Berryman and his younger brother, Robert Jefferson, had taken up residence together when he moved to Boston to teach at Harvard. It was a rattle trap apartment, with holes in the walls, but it was an opportunity for the two of them to reconnect. Unfortunately, Berryman interacted with his brother the same way he interacted with everyone else, which pretty much was what seemed like indifference as he went about in his own self induced haze of annoyance. Despite it not being the reunion that Robert Jefferson had hoped, it worked well enough. The two of them lived peaceably under one roof for better part of two years. His brother would marry his first wife in the fall of 1941 and the three of them lived together, despite modest tensions, for the next year.
Berryman’s own romantic pursuits were more complicated. He was still undertaking an on again/off again letter writing romance with Beatrice, his fiance, living in England, while dating Eileen Mulligan, a friend of Jean Bennett’s, his girl friend from his college days. Eileen was an orphan and a devout Catholic. I mention both because the first was likely an entry into emotional bonding between the two and the latter a cause of exasperation for Berryman, who by this time was a loud and opinionated atheist. Eileen was kind, emotional, grateful and insecure as to where her future lay when they met. Berryman created an emotional obstacle few women would have dared to cross, still professing his love of his fiance, even though it was shear fantasy and farce by this point, neither he nor Beatrice had the will to call it off.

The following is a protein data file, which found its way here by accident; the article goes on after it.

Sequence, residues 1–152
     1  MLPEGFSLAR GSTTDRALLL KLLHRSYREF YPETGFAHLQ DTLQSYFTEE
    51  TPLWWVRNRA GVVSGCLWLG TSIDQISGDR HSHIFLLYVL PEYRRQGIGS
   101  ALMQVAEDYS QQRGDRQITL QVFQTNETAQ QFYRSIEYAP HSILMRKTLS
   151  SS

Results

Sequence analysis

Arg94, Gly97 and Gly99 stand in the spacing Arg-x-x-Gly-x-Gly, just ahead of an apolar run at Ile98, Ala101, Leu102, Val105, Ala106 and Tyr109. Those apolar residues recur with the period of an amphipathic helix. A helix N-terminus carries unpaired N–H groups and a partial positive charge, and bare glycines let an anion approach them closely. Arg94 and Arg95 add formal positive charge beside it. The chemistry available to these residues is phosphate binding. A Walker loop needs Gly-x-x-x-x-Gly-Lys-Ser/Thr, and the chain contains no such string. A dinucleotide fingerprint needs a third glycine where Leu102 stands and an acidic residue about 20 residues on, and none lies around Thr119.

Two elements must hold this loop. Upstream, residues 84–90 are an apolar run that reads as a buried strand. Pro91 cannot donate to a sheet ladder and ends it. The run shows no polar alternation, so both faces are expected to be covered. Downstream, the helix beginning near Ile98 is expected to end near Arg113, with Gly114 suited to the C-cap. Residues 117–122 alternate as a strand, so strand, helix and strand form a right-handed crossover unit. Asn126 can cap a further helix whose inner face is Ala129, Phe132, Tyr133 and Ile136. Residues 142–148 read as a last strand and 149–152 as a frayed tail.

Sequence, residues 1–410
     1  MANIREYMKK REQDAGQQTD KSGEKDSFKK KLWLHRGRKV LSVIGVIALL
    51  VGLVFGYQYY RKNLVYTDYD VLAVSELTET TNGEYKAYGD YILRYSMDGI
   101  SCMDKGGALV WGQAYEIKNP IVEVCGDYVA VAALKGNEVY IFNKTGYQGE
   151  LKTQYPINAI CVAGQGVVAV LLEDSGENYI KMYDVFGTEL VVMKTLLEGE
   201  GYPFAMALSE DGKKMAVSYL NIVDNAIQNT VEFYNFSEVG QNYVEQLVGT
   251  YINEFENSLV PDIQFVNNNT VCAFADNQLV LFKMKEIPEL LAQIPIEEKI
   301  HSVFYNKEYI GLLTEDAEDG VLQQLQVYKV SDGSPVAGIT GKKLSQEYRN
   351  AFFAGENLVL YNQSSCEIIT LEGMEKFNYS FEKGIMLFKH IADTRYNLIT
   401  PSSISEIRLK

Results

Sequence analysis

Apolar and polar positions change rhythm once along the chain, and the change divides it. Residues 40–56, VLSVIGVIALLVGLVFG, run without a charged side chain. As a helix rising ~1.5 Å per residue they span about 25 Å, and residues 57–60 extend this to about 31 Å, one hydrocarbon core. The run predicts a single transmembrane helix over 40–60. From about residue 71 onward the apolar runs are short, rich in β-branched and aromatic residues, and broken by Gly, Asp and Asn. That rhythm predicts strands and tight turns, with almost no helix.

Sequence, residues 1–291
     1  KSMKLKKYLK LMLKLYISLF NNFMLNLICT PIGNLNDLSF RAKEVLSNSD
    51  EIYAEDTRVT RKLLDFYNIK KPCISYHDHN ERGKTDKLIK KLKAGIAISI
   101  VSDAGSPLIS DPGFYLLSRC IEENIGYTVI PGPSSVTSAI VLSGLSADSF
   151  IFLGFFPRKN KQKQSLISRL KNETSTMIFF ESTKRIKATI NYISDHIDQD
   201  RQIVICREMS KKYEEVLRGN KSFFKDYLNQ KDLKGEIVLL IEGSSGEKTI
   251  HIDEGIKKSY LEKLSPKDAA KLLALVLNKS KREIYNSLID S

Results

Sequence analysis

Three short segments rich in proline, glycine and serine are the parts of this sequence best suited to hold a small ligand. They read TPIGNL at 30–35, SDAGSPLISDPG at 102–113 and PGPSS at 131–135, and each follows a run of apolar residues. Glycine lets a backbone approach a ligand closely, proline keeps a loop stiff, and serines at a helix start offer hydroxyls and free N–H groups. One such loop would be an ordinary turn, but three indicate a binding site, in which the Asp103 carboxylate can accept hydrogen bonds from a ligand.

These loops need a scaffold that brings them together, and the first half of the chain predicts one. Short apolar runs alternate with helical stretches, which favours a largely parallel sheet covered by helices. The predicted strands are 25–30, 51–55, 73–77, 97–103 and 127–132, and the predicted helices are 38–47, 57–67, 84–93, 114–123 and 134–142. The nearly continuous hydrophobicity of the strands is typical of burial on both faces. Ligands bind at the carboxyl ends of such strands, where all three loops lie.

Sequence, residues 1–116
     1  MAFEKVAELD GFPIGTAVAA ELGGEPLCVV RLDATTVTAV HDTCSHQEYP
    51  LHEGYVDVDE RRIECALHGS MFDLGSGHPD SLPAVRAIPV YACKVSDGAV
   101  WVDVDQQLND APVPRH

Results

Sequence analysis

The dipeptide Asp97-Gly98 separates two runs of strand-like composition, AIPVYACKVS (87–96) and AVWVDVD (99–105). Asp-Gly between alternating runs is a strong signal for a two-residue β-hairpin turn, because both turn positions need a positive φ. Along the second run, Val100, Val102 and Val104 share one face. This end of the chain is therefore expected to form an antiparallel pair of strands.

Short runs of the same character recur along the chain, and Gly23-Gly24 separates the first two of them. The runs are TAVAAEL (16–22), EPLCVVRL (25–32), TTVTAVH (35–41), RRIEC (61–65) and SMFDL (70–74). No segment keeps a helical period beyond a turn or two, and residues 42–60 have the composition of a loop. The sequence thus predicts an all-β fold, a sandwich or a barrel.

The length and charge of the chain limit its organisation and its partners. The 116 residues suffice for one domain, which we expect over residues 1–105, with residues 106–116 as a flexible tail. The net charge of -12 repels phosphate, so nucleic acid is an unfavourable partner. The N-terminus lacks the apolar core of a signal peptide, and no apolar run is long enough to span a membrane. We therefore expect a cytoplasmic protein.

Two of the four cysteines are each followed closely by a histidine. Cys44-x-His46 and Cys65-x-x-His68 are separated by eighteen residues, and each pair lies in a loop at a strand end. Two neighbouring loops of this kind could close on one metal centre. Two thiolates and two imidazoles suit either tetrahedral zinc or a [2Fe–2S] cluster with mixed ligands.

Berryman’s mother took a liking to Eileen and was genuinely kind and generous towards her emotionally, encouraging the relationship. It wasn’t until July of 1941, England in the grips of war, that Beatrice wrote him a letter and renounced her acceptance of his marriage proposal. Within a week he proposed to Eileen and she accepted. It wasn’t until October that Berryman got around to giving her a ring, inscribed ‘J.B. to E.M – NOW AND THEN ONE – 24, October, 1942.’ And in doing so set the date of their marriage one year hence.